Elections: A Very Short Introduction


Oxford University Press
24 February 2024

By Sandy Maisel and Jennifer Yoder

Elections occur in all democracies and many non-democratic regimes as well. They determine who will hold public office and who will have the power to govern. They connect citizens to those whom they choose to make decisions on their behalf and who regulate their behavior. This book looks comparatively at the key aspects of elections. In addition to describing types of electoral systems, it discusses the implications of the various systems for the administration of elections, voter participation, representation, government stability, and other factors. Where appropriate, it examines efforts to reform a nation's (or a sub-national entity's) system, exploring the impetus for reform and the effects of those reforms when implemented.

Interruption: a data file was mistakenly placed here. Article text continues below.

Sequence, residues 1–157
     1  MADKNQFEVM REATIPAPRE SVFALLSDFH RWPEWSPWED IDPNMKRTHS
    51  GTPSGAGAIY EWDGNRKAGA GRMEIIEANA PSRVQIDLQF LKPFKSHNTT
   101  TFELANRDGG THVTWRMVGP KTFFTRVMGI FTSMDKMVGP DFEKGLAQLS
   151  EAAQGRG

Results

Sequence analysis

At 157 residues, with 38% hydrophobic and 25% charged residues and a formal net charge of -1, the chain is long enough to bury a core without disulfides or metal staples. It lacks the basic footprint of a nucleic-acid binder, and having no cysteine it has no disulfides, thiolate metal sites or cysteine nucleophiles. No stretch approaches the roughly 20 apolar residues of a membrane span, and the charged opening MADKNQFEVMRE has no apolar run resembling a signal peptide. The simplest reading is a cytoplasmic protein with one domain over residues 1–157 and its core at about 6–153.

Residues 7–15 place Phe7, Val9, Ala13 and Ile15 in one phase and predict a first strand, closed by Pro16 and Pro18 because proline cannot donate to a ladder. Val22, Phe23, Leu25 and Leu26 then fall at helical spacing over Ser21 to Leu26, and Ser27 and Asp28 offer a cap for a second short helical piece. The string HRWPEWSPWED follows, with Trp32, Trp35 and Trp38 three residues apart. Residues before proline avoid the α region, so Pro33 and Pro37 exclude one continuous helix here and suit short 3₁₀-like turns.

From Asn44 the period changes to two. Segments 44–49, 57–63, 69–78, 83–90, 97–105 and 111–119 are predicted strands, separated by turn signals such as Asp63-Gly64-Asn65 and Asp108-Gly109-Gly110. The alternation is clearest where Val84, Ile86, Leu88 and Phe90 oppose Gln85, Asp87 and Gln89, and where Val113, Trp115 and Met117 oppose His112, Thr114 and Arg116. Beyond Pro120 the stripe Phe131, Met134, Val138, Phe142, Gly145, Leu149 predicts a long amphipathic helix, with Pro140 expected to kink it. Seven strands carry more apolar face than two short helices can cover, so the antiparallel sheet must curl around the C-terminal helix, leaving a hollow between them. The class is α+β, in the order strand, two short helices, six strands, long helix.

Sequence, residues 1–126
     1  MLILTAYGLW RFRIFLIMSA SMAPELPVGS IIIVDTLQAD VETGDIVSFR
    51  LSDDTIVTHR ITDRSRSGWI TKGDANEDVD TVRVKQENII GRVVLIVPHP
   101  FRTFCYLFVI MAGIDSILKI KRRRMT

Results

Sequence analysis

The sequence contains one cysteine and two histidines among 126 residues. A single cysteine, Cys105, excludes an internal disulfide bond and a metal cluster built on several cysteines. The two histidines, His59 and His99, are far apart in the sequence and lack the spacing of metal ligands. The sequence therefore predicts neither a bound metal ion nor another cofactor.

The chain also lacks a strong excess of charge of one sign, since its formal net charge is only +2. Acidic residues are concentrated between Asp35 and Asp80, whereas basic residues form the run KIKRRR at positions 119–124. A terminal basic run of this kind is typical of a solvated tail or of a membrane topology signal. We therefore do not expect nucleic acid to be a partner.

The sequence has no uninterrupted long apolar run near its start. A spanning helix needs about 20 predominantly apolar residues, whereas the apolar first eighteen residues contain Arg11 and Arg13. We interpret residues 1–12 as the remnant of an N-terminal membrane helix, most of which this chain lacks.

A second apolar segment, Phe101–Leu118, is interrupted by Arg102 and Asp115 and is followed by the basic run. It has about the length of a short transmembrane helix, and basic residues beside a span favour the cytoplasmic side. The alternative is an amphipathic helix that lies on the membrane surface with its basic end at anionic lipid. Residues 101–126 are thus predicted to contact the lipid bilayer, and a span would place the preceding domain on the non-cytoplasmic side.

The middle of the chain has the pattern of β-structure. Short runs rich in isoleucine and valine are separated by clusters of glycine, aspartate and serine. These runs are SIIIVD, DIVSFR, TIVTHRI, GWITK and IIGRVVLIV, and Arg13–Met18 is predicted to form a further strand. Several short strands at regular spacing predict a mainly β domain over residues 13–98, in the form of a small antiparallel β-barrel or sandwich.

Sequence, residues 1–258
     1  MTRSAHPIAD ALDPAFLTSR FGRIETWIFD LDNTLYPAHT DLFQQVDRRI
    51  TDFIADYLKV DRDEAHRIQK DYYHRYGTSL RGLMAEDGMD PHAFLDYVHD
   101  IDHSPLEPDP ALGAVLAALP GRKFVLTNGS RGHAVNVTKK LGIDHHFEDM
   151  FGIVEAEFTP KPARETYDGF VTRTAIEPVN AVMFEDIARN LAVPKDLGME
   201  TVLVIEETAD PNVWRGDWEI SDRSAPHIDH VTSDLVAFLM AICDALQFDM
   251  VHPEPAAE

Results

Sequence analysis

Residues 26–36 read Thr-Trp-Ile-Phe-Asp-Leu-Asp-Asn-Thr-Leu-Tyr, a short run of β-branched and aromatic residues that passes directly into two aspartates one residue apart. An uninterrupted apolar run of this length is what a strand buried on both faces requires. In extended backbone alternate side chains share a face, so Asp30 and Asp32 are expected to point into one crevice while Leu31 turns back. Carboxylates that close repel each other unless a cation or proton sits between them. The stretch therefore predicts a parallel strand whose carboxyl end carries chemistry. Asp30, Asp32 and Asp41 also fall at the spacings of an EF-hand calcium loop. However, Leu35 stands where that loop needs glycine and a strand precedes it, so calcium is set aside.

Elections: A Very Short Introduction asks readers to view election systems critically and comparatively, to understand that all democracies do not function in the same way, to think about the reasons their system functions as it does-for good or ill-and to consider alternatives with which they might not previously have been familiar. L. Sandy Maisel and Jennifer A. Yoder lay out the variety of electoral systems in the broadest terms- single-member district plurality systems; proportional systems; and mixed systems. They discuss voting and the various electoral institutions used to implement the ways in which voting occurs and how votes are tabulated across electoral systems. They analyze the consequences of each system, first for the functioning of the democracy, and second for the electoral strategies politicians employ, closing with a discussion of reforms under consideration in a number of countries.

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